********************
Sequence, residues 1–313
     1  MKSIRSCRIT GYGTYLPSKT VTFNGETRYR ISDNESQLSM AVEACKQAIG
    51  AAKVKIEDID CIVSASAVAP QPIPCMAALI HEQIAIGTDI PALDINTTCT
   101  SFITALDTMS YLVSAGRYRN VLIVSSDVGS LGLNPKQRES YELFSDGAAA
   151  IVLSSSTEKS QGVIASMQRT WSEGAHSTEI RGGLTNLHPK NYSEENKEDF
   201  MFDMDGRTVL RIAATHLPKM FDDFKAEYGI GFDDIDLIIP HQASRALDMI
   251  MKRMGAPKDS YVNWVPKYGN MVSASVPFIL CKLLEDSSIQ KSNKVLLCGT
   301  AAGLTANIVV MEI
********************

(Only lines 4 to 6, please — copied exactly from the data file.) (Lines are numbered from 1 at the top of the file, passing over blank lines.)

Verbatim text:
   101  SFITALDTMS YLVSAGRYRN VLIVSSDVGS LGLNPKQRES YELFSDGAAA
   151  IVLSSSTEKS QGVIASMQRT WSEGAHSTEI RGGLTNLHPK NYSEENKEDF
   201  MFDMDGRTVL RIAATHLPKM FDDFKAEYGI GFDDIDLIIP HQASRALDMI